### np-complete

#### Proof that Dominating Set is NP-Complete

```here is the question. I am wondering if there is a clear and efficient proof:
Vertex Cover: input undirected G, integer k > 0. Is there a subset of
vertices S, |S|<=k, that covers all edges?
Dominating Set: input undirected G, integer k > 0. Is there a subset of
vertices S, |S|<= k, that dominates all vertices?
A vertex covers it's incident edges and dominates it's neighbors and itself.
Assuming that VC is NPC, prove that DS is NPC.
```
```There is a quite nice and well known reduction: (For connected graphs only)
Given an instance (G,k) of Vertex Cover build an instance of Dominating Set (H,k), where for H you take G and for every edge (u,v) add an additional vertex x connected to u and v.
First realize that a Vertex Cover of G is a Dominating Set of H (it's clearly a DS of G and the new vertices are also dominated). So if G has a VC smaller k, then H has a DS smaller k.
For the converse, consider D, a Dominating Set of H.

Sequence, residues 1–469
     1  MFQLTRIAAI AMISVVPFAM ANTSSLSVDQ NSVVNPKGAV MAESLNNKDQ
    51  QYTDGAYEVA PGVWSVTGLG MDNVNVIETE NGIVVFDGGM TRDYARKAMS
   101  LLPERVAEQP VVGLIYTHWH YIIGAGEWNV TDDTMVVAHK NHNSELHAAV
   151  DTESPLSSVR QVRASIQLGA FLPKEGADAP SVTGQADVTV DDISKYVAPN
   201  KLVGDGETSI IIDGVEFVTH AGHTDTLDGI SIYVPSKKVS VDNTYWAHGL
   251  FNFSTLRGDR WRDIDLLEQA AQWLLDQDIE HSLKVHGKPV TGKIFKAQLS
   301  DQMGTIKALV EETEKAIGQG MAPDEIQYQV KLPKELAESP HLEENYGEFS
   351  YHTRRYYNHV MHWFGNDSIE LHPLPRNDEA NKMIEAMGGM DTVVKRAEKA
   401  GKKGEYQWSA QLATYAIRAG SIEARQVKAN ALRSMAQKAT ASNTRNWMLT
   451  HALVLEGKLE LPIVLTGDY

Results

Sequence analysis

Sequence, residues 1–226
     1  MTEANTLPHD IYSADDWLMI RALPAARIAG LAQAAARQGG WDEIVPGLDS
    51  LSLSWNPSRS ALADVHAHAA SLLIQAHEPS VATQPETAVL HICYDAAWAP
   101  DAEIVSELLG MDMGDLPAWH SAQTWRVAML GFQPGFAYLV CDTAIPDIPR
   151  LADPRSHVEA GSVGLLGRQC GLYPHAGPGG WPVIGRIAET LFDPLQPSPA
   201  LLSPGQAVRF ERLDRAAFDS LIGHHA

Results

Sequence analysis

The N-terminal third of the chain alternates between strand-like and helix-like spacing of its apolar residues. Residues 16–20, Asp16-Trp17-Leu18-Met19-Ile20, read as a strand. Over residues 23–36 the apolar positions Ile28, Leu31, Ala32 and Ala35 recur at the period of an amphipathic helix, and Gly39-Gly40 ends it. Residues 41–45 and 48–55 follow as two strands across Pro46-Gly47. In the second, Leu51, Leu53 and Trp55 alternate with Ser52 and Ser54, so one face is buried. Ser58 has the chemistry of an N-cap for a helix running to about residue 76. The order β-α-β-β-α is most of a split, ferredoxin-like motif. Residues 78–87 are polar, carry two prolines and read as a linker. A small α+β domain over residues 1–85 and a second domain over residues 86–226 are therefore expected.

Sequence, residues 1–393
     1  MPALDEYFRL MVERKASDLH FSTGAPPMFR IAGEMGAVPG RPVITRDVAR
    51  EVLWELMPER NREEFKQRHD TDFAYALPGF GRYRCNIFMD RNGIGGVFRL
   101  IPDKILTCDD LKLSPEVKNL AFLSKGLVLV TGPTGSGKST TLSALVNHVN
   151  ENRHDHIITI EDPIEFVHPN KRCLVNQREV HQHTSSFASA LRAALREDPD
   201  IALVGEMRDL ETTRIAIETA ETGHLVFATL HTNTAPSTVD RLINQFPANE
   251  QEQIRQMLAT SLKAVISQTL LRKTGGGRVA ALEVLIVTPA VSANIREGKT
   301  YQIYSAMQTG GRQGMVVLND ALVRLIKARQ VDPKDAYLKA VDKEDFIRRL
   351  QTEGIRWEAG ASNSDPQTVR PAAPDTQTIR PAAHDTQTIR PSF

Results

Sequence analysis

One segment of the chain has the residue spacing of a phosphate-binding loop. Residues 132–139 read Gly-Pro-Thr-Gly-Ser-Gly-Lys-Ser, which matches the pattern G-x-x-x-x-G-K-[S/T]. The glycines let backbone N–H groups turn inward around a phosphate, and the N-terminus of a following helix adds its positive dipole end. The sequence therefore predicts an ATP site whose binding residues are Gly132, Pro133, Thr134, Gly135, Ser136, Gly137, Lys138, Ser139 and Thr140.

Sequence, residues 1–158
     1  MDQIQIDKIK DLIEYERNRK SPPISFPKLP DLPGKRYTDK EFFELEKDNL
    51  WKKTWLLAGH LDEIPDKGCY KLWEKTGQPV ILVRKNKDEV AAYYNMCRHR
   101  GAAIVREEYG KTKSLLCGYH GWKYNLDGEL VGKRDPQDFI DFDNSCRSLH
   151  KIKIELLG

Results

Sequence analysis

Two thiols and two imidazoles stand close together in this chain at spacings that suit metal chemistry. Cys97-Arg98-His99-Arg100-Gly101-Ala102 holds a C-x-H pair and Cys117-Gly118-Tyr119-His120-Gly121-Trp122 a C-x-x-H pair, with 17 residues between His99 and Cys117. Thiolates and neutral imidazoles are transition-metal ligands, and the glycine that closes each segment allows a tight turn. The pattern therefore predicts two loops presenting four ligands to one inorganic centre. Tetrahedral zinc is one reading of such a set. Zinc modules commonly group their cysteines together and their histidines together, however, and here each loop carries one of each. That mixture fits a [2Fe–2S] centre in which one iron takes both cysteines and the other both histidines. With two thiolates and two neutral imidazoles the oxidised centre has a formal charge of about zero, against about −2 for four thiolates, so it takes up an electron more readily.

Notice that if one of the new vertices is in D, we can replace it with one of it's two neighbors and still get an Dominating Set: it's only neighbors are are the two original vertices and they are also connected - everything x can possible dominate is also dominated by u or v.
So we can assume that D contains only vertices from G. Now for every edge (u,v) in G the new vertex x is dominated by D, so either u or v is in D. But this means D is a Vertex Cover of G.
And there we have it: G has a Vertex Cover smaller k if and only if H has a Dominating Set smaller k.
```
```I think that second problem is not NP.
Let's try the following algorithm.
1. Get the original Graph
2. Run any algorithm which checks if a graph is connected or not.
3. mark all used edges of step 2
4. if the graph is connected then return the set of marked edges otherwise there is no such a set.
If I understood correctly your problem then it is not NP Complete.```